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Postby sasha » Sun Dec 14, 2003 11:18 am

Title: CLINICAL ABSTRACTS: WOMEN'S HEALTH , Modern Medicine, 00268070, Jan2000, Vol. 68, Issue 1
Database: Health Source - Consumer Edition

24-Hour blood pressure better at predicting pregnancy outcomes

New data point to the superiority of 24-hour blood pressure (BP) monitoring over office BP for predicting pregnancy outcomes.

STUDY DESIGN. The investigators used 24-hour BP monitoring to assess a group of pregnant women with a high office BP (n=148) or a normal office BP (n=106) during their third trimester of pregnancy. All participants were followed to the completion of their pregnancy in order to permit the researchers to establish the prevalence and prognostic value of white coat hypertension in the third trimester. The primary outcome measures were duration of pregnancy, incidence of transient gestational hypertension, preeclampsia and edampsia, incidence of cesarean delivery, placental and neonatal weight, Apgar score, and duration of hospital stay of the mother and her newborn.

In the study, white coat hypertension was defined as the presence of an elevated office BP (>/= 140 mm Hg systolic and/or 90 mm Hg diastolic BP) but a normal mean 24-hour, daytime, and nighttime systolic and diastolic BP. Women with higher 24-hour BP were considered to have true hypertension.

RESULTS. Data on 7 of the participants were not included in the final analysis because their 24-hour BP monitoring values did not pass the inclusion criteria. Of the 144 remaining women with a high office BP, 42 (29%) were classified as having white coat hypertension. The mean duration of pregnancy was similar among the group with white coat hypertension and the normotensive group (40 weeks) but was shorter in the group with true hypertension (38 weeks).

The incidence of preeclampsia was not significantly different between the group with white coat hypertension and normotensive group (7% vs 6%, respectively) but was markedly higher in the true hypertension group (62%). Overall, 12% of normotensive patients had a cesarean delivery, compared with 45% of the group with white coat hypertension and 41% of the true hypertension group. Mean neonatal weight was lower in the true hypertension group than in the normotensive and white coat hypertension groups, which did not differ. The mean duration of hospital stay for newborns was similar among the normotensive and the white coat hypertension groups but was longer in the true hypertension group.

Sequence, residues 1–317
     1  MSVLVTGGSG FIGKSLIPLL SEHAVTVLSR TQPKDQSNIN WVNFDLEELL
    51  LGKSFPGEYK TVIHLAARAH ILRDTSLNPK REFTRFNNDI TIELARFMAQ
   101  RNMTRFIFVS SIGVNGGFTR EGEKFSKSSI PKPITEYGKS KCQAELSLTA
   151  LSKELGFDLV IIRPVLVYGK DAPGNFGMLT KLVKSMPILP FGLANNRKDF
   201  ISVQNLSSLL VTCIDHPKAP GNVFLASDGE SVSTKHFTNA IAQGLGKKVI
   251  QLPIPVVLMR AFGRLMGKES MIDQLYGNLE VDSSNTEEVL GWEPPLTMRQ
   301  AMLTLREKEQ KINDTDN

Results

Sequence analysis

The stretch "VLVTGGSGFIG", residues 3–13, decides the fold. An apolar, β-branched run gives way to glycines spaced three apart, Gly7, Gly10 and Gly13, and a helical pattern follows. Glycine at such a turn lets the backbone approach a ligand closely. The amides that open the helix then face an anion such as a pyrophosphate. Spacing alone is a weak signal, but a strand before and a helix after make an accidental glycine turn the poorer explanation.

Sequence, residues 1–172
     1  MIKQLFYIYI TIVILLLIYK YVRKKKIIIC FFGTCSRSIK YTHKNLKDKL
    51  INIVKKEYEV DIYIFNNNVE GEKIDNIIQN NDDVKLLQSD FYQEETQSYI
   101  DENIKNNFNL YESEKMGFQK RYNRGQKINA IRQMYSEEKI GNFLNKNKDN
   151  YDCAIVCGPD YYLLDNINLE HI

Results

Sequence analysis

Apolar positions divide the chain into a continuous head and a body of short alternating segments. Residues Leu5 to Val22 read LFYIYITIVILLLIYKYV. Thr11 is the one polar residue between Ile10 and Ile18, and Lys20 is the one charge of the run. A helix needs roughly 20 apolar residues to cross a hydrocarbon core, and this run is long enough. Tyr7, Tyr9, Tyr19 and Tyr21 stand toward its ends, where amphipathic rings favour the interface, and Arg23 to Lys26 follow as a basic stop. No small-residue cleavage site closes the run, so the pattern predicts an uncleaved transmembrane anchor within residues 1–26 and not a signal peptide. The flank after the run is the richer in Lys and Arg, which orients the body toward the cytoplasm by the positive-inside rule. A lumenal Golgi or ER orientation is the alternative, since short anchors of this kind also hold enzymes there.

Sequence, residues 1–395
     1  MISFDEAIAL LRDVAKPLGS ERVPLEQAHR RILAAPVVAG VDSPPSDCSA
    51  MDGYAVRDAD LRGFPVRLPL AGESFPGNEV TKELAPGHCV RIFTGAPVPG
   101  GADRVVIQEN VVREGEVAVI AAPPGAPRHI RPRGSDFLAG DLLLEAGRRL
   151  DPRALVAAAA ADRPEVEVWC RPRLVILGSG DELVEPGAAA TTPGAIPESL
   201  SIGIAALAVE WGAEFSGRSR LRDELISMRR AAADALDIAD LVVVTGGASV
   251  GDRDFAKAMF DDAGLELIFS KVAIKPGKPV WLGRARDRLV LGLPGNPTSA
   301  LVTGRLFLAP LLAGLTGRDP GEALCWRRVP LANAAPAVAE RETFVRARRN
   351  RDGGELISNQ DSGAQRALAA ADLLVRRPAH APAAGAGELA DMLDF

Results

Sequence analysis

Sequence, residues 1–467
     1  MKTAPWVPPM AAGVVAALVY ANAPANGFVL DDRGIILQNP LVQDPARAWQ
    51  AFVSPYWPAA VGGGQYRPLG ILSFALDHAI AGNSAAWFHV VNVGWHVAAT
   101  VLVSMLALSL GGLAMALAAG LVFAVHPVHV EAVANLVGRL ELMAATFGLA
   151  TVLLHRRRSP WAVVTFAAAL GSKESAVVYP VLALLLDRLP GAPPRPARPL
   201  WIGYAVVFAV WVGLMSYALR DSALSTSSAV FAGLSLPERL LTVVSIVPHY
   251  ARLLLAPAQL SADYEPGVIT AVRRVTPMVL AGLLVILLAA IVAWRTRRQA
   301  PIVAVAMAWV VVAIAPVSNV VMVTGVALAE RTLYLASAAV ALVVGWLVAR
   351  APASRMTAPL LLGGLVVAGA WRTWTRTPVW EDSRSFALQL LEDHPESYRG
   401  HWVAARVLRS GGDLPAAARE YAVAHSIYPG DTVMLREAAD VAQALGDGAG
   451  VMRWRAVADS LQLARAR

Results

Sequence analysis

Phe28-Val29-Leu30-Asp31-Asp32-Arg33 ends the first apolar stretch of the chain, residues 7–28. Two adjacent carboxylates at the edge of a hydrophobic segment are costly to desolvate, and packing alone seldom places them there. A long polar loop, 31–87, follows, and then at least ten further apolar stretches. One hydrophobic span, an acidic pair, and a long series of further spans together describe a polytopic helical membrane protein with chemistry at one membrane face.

The authors conclude that nearly one third of women with high office BP in the third trimester really have white coat hypertension and that "this condition carries a prognostic impact that, as far as the outcome of pregnancy is concerned, differs from the normotensive women only for a greater probability of undergoing cesarean delivery, a slightly lower Apgar score at 1 minute, and a higher incidence of transient late gestational hypertension."

Furthermore, they note that the higher frequency of cesarean delivery in the group with white coat hypertension most likely is due to decision-making based on office BP. Accordingly, they recommend that a randomized trial be conducted to examine the effects of therapeutic decisions based on office BP compared with 24-hour BP in women with uncomplicated hypertension during their third trimester.

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